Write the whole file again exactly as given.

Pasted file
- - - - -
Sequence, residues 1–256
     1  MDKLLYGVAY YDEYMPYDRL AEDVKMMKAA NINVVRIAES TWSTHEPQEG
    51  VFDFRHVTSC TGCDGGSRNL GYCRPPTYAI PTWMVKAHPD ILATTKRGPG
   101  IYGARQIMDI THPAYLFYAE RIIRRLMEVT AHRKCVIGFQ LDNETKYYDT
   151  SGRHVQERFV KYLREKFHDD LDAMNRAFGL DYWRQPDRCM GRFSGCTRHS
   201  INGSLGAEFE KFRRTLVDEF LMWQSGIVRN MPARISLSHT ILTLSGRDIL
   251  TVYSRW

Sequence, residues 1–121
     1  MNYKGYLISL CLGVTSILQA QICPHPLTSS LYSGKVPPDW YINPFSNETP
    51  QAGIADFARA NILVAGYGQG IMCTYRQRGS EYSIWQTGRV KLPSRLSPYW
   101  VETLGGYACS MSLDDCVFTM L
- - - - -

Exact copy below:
Sequence, residues 1–256
     1  MDKLLYGVAY YDEYMPYDRL AEDVKMMKAA NINVVRIAES TWSTHEPQEG
    51  VFDFRHVTSC TGCDGGSRNL GYCRPPTYAI PTWMVKAHPD ILATTKRGPG
   101  IYGARQIMDI THPAYLFYAE RIIRRLMEVT AHRKCVIGFQ LDNETKYYDT
   151  SGRHVQERFV KYLREKFHDD LDAMNRAFGL DYWRQPDRCM GRFSGCTRHS
   201  INGSLGAEFE KFRRTLVDEF LMWQSGIVRN MPARISLSHT ILTLSGRDIL
   251  TVYSRW

Sequence, residues 1–121
     1  MNYKGYLISL CLGVTSILQA QICPHPLTSS LYSGKVPPDW YINPFSNETP
    51  QAGIADFARA NILVAGYGQG IMCTYRQRGS EYSIWQTGRV KLPSRLSPYW
   101  VETLGGYACS MSLDDCVFTM L